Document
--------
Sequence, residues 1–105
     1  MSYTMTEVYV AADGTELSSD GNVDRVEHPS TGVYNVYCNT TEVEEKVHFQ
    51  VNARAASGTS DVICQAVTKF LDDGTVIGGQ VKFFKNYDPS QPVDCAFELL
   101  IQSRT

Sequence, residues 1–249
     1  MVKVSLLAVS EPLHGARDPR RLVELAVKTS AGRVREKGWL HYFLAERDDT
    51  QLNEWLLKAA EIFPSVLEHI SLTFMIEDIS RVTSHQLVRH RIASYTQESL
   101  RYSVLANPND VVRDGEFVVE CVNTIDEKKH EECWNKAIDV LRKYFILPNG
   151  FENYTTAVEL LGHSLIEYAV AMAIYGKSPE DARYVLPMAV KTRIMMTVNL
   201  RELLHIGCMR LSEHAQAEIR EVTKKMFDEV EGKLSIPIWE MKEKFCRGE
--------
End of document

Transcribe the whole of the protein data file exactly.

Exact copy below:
Sequence, residues 1–105
     1  MSYTMTEVYV AADGTELSSD GNVDRVEHPS TGVYNVYCNT TEVEEKVHFQ
    51  VNARAASGTS DVICQAVTKF LDDGTVIGGQ VKFFKNYDPS QPVDCAFELL
   101  IQSRT

Sequence, residues 1–249
     1  MVKVSLLAVS EPLHGARDPR RLVELAVKTS AGRVREKGWL HYFLAERDDT
    51  QLNEWLLKAA EIFPSVLEHI SLTFMIEDIS RVTSHQLVRH RIASYTQESL
   101  RYSVLANPND VVRDGEFVVE CVNTIDEKKH EECWNKAIDV LRKYFILPNG
   151  FENYTTAVEL LGHSLIEYAV AMAIYGKSPE DARYVLPMAV KTRIMMTVNL
   201  RELLHIGCMR LSEHAQAEIR EVTKKMFDEV EGKLSIPIWE MKEKFCRGE